ETFs, Financial Planning

Adviser product set evolving

SMSF product advice

Industry research has shown the product sets recommended by SMSF advisers are changing to better suit the advice clients are seeking.

SMSF advisers are changing the product sets they are recommending to their clients to satisfy the different forms of advice they are seeking, the latest research into the sector has shown.

The “2019 Vanguard/Investment Trends Self-managed Super Fund Reports” revealed SMSF advisers are increasingly encouraging their clients to use managed accounts and exchange-traded funds (ETF) at the expense of other, more traditional, investment structures.

“The use of managed accounts has grown quite strongly and the use of ETFs has grown quite strongly, probably really at the expense of unlisted managed funds,” Investment Trends chief executive Michael Blomfield said.

The study indicated SMSF advisers’ use of ETFs as a portion of the investments they had advised upon had jumped from 8 per cent in 2015 to 12 per cent in 2019. Similarly, respondents revealed their use of managed accounts had risen from 4 per cent in 2015 to 9 per cent in 2019.

Conversely, over the same period the percentage of the advised investments participants had allocated to unlisted managed funds had dropped from 33 per cent to 29 per cent.

“Part of the reason for that is they feel that [these types of investments] give them more flexibility to work in that asset allocation mode,” Blomfield noted.

“So when they want to change their mind and they want to make an allocation, for example, to fixed income, then they can do that through a couple of trades in the market and they don’t have to redeem and apply through an application process.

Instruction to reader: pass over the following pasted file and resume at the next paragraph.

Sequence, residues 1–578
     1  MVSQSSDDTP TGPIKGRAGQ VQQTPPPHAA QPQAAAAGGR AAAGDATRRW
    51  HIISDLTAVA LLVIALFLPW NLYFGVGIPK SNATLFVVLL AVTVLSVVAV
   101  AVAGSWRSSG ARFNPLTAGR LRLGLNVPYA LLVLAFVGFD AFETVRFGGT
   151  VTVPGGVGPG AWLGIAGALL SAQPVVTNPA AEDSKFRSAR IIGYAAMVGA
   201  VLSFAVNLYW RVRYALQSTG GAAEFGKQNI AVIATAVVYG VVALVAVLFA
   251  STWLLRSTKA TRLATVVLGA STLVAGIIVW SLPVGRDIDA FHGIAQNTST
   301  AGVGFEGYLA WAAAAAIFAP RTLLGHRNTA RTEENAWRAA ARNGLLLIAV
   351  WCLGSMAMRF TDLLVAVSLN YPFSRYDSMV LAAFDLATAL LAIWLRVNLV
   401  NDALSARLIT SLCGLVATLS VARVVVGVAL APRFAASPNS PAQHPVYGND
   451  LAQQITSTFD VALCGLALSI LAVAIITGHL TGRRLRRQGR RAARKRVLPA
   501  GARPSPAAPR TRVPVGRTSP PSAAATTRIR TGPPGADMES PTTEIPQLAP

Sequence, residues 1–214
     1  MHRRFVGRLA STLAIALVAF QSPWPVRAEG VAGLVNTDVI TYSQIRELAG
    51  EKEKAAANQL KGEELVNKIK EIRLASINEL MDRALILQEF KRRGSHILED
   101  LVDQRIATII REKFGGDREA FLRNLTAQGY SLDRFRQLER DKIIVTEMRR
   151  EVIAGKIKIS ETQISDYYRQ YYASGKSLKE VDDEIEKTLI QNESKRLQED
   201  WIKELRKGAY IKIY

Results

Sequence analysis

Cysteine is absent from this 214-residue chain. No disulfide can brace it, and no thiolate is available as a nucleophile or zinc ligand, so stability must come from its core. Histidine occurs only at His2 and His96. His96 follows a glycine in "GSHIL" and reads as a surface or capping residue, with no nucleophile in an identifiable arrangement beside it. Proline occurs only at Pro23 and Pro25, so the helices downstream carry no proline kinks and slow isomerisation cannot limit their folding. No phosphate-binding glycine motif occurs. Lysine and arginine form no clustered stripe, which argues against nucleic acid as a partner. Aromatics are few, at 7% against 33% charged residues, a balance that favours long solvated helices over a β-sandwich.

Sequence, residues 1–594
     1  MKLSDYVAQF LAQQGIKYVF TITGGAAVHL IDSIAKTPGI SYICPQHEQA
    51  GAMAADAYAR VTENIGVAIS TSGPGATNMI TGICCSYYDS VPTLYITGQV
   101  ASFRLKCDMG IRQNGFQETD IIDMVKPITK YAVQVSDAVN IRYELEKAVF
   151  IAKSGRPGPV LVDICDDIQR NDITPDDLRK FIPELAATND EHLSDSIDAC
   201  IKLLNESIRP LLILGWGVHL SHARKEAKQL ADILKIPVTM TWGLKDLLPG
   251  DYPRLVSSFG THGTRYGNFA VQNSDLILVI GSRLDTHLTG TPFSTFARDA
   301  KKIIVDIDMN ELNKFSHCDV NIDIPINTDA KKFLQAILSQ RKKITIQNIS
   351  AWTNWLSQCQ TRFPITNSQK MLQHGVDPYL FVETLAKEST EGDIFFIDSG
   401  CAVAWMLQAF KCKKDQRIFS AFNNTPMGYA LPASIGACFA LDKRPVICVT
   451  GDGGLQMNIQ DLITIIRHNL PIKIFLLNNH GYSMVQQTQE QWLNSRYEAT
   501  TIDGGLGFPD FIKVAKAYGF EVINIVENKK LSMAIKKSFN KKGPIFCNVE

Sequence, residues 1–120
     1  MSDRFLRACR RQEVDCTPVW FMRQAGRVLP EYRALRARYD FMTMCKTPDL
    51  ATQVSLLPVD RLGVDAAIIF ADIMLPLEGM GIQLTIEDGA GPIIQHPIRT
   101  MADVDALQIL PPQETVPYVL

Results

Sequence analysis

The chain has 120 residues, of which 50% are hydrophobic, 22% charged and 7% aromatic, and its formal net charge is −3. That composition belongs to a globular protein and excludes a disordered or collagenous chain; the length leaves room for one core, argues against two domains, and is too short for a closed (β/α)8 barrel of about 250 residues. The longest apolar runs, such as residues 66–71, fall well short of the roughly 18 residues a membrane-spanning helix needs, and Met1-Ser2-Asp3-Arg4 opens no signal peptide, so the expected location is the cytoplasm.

“And whether you’re a planner who specialises in giving advice to SMSFs or whether you’re just a generalist, the use of products is very different.”

To this point, in 2019 SMSF specialist advisers recommended more direct share (25 per cent) and ETF (17 per cent) investments compared to their generalist counterparts who allocated 19 per cent to direct shares and 10 per cent to ETFs.

By contrast, generalist advisers channelled 24 per cent of client investments toward active unlisted managed funds, while only 13 per cent of the investments SMSF specialists advised on went to these offerings.

The study showed this difference was set to continue in future years, with SMSF specialists anticipating 20 per cent of investments they advised on going to ETFs in 2020 and generalists saying 13 per cent of their SMSF money under advice would be directed toward this type of investment structure in the same year.

The report also indicated there are unmet advice needs among SMSF trustees that are increasing.

The research was based on the responses of 286 SMSF planners via an online survey conducted between February and April.

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